Addenda (July 2011)

I’ve recently tried out the simple ‘camping’ method of cocoa and it’s good, and with less washing up (always a happy thing) – 1 teaspoon of cocoa into a mug, add a little boiling water and stir until it makes a smooth paste, add more hot water (about 2/3rds of a mug) and sugar to taste and then top up with evaporated milk. It should be an almost perfect drinking temperature.

Top Tens… and Top Threes: Caves

January 28, 2011 at 12:03 am | Posted in Anne, Dick, George, Julian, Timmy, Uncategorized | Leave a comment
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John Mullan’s excellent and entertaining Guardian series picks out various literary ‘Ten of the Best’ categories  – villains, moustaches, fake deaths, towers, instances of invisibility etc. (Freud would probably find the selection of ‘best ofs’  I’ve highlighted here revealing but we’ll skip over that). Professor Mullan gets a big thumbs up for his learned, wide-ranging and completely unsnobbish selections. So alongside Homer, Shakespeare, the Brontes, Dostoyevsky, Melville, Proust and modern authors such as Ian McEwan, Zadie Smith and Philip Roth, we also find children’s writers such as C S Lewis, Alan Garner and (hurrah!) Enid Blyton. The latter makes it into the categories of ‘Ten of the Best Swimming Scenes’ (Five Get Into Trouble), ‘Examples of Rowing’ (Five on a Treasure Island) and ‘Secret Societies’ (the Secret Seven). It’s rather jolly to see the ‘wild swimming’ antics of the Five positioned between Byron’s ‘Written after Swimming from Sestos to Abydos’ and The Swimmer by John Cheever, or the rowing from Five on a Treasure Island sitting alongside the rather darker example from The Talented Mr Ripley.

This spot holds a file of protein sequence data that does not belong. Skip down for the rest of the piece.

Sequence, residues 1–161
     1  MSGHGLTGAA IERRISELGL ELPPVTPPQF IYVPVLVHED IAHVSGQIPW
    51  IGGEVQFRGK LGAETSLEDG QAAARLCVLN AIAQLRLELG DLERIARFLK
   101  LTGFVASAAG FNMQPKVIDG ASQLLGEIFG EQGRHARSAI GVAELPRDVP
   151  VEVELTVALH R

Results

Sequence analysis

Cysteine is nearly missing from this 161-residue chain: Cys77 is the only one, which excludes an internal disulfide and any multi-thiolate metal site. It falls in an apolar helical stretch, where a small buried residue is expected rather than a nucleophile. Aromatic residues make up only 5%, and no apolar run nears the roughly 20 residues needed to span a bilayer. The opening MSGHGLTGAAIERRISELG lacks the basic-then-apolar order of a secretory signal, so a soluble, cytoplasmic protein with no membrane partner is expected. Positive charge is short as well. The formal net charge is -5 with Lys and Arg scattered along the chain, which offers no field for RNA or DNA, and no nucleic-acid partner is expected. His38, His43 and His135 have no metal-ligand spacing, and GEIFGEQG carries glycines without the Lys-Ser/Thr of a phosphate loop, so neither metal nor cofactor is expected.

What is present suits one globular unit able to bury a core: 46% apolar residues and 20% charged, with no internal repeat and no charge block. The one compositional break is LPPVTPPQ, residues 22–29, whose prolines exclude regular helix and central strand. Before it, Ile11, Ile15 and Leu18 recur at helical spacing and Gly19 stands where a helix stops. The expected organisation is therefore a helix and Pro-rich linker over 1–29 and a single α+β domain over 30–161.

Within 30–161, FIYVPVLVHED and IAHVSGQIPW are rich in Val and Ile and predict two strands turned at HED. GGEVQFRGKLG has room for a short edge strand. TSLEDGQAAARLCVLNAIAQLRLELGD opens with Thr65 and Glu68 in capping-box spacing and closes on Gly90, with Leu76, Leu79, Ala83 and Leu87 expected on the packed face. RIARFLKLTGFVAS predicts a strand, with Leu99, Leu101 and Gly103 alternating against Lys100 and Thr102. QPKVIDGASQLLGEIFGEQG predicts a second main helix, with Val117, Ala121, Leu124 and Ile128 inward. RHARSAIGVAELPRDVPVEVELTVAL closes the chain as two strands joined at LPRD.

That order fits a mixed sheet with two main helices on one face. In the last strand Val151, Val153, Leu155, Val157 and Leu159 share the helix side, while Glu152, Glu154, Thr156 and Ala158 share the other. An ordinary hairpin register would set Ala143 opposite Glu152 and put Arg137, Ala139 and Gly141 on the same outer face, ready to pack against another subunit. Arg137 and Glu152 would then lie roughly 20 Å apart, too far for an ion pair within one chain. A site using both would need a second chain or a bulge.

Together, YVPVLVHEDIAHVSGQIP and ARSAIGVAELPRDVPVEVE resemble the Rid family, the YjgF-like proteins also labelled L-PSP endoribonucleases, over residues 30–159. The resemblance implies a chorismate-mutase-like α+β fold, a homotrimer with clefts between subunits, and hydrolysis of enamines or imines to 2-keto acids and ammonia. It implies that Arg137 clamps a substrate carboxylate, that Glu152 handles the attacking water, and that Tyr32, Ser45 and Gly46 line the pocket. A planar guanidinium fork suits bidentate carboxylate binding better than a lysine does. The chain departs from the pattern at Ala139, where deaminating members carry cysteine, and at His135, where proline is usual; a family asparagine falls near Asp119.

With some of these categories in mind, I am going to begin an occasional series of ‘Best ofs’ drawn from the Famous Five – by contributing a Blytonian example to categories where she doesn’t feature, or by drawing up a top three or five for categories in which there are numerous FF contenders (caves, breakfasts, beaches, horrid children). Sometimes I’ll just offer up my pick of other features of her books (animal characters, secret passages, farmers’ wives, hoards of treasure etc.). Is this extremely nerdy? Should I find a better use of my time? Probably. But please humour me and do feel free to nominate your own.